Growing Up Beastie
A bratty teenager follows his white-boy heroes into adulthood
By Mark Bazer
JULY 13, 1998: It's 10:03 on a Saturday morning, and I've been up since dawn, hanging out in a 90-degree supermarket parking lot discussing the upcoming Beastie Boys album with kids who weren't even born when I learned that one must fight for one's right to party. I'm next in line for tickets, confident of getting decent seats to a Beasties show, when the inexplicable happens.
The guy in front of me steps up to the ticket window and says, "I'd like two tickets to Bauhaus."
Bauhaus? This sends the woman working the Ticketmaster machine into a tizzy. She can't figure out how to change the settings on the computer, and by the time the manager deals with a woman returning a bad cantaloupe and then fixes the machine, all the good Beasties tickets have been sold at other Ticketmaster outlets. As I barge out of the supermarket, I bump into a guy who says, "Oh -- hey, man, how'd you make out?"
Without looking up, I scowl: "Terrible. This complete jerkoff in front of me bought tickets to Bauhaus, if you can imagine."
"That was me," he says.
It's not the first time I've let my obsession with the Beasties get the better of me. Where the Beastie Boys are concerned, I'm the guy who takes it too far. I'm the one who stays up till 4 a.m. waiting for their video to come on; who has realized on more than one Friday afternoon that he's shown up to work every day that week wearing a different Beasties T-shirt. My Beastiemania has often been a blessing -- I can't count the number of times "Hey Ladies" has helped me psych myself up to call a girl, or that I've successfully robbed a bank after hearing "Rhymin' and Stealin'." But I can also remember, distinctly, each time the Beasties have turned me into an ass.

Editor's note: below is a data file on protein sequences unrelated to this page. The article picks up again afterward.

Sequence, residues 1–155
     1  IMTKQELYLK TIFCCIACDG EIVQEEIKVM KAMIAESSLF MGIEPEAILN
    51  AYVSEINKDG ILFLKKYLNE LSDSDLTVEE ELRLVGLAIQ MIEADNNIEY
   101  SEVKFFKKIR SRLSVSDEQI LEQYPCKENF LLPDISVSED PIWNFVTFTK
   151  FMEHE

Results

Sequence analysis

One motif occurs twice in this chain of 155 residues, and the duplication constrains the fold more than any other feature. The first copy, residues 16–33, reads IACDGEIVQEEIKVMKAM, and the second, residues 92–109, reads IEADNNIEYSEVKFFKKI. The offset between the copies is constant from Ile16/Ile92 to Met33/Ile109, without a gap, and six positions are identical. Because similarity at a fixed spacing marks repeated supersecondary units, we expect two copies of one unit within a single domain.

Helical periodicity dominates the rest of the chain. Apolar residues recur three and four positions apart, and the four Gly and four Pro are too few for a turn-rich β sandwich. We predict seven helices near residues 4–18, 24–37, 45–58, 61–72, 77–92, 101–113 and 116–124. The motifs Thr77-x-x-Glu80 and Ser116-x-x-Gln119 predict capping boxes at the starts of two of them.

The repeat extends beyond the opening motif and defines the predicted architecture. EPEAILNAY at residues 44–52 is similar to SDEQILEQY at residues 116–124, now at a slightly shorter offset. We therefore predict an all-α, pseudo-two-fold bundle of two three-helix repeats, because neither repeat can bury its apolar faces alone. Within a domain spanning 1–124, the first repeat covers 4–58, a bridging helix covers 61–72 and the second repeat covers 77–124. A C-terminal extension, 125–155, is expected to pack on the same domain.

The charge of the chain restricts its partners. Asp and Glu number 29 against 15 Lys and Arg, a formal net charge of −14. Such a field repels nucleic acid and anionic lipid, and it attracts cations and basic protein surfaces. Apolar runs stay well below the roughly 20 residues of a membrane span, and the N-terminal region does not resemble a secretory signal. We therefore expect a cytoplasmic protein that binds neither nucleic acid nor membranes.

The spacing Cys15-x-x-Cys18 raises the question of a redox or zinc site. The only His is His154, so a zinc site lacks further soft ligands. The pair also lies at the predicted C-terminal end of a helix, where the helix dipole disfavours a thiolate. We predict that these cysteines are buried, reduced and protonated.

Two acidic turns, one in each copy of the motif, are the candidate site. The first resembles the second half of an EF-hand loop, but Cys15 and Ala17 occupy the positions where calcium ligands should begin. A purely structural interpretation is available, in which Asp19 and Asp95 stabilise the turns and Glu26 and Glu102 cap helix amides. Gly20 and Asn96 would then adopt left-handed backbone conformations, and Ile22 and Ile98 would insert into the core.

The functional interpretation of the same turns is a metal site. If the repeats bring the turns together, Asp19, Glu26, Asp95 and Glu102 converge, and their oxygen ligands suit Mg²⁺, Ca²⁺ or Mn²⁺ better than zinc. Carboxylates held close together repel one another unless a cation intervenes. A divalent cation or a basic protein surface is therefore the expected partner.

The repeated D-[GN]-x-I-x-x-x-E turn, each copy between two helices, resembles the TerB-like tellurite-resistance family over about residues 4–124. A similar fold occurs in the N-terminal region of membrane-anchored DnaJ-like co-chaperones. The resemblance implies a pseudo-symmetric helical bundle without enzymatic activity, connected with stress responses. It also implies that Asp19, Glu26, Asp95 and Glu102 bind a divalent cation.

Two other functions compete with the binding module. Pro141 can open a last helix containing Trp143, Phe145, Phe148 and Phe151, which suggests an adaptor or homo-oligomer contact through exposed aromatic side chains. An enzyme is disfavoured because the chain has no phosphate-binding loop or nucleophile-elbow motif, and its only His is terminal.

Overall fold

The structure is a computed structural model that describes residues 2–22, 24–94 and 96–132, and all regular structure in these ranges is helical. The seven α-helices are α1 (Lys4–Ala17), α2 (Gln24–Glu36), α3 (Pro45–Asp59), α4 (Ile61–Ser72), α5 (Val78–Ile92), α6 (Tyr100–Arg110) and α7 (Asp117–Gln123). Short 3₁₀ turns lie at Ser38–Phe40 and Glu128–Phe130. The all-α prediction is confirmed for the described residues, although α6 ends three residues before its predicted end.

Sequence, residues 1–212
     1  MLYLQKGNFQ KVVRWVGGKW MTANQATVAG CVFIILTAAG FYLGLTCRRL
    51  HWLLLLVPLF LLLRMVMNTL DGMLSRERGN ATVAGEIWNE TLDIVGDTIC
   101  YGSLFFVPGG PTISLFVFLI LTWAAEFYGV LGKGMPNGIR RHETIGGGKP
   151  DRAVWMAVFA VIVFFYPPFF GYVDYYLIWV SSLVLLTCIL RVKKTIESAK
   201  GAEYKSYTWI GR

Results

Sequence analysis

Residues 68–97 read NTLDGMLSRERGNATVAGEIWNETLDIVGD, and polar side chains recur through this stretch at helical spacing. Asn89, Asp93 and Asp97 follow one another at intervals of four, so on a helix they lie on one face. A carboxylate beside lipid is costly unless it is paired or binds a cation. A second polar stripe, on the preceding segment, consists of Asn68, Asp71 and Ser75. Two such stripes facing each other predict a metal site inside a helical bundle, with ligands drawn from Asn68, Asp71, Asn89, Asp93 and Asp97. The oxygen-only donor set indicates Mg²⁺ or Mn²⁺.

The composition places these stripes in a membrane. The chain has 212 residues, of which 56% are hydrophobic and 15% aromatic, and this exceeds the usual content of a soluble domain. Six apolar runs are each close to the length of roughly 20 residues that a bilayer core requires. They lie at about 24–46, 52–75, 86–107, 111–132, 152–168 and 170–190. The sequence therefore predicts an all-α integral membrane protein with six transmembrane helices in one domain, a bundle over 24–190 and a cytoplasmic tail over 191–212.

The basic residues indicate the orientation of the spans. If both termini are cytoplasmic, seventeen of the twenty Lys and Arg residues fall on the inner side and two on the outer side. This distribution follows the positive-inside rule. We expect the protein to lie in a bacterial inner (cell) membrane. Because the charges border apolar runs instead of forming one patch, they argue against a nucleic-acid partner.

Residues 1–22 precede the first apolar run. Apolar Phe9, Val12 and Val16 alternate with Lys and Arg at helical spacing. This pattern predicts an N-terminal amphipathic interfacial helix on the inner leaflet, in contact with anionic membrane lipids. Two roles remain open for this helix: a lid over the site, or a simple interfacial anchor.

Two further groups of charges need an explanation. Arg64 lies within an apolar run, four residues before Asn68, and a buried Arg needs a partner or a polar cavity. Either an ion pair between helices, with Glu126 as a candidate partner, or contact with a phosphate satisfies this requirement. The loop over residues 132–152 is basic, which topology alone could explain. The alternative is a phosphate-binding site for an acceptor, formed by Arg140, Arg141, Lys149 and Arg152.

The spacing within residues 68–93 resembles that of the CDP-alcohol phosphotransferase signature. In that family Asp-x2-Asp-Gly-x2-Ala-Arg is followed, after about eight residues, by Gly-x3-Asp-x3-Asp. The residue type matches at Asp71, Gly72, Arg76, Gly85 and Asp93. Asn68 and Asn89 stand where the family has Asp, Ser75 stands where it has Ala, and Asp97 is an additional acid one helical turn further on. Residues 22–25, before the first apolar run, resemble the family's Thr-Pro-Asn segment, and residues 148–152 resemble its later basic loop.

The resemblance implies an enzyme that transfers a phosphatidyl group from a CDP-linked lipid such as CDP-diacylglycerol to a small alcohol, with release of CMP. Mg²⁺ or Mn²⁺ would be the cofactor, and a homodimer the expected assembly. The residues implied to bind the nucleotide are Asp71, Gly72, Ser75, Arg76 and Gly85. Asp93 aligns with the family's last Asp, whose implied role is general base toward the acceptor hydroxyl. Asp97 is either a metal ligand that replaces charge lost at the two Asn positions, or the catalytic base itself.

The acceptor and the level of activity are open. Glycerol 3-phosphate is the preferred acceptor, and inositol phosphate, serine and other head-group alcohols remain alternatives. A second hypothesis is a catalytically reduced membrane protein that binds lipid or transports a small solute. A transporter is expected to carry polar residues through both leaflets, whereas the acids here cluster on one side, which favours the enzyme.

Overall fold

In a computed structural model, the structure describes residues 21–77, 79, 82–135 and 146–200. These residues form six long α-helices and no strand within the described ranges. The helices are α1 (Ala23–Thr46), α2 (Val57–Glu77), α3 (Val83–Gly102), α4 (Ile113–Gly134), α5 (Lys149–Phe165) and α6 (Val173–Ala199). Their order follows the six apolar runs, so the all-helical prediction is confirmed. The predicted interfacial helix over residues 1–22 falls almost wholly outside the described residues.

The first time was in 1986, the morning after my parents had spent two hours outside the Providence Civic Center, getting drenched by rain while my friends and I were inside getting drenched by the beer MCA poured on our heads. That next morning my mom read a concert review in the paper, which for some reason felt compelled to inform parents about the giant inflatable penis and the woman in the cage. She, to say the least, was not pleased. I didn't care. I shoved my face into hers and belted out, "Aww, Ma, you're just jealous, it's the Beastie Boys!"
Now, 12 years later, it took all the restraint I had not to yell the same to the Bauhaus guy. Could it be that I'm still the same Beastie brat I was when I was 13? Well, sort of, but I'd like to think that the Beasties and I have grown together. Okay, I probably haven't had much influence on their lives -- but I can trace my life, my development, my Converse All-Stars to moments in Beastie history. My dad remembers where he was when Kennedy was shot; I was in my friend Andrew's basement when the "Pass the Mic" video premiered. The Beasties have helped shape me: they've taught me what was cool and funny, guided me through the culture, and reminded me that even when "I had a peg leg at the end of my stump," I must persevere and "shake my rump."
When Licensed to Ill came out in 1986, and all my junior-high pals were chanting "Paul Revere," I was leading the pimpled chorus. I certainly didn't live or even understand 90 percent of the things the Beasties were rapping about (Who is Abe Vigoda, anyway?), but I still felt that beneath their Adidas warmup suits, gold chains, and lives of wine and women, and beneath my Members Only jacket, Swatch, and life of cocoa and ping-pong sleepovers with my pal Jeremy, we shared the same approach to the world, the same wit and spirit. At our core, the four of us were all intelligent, sarcastic Jewish guys, irreverent and more than a little goofy.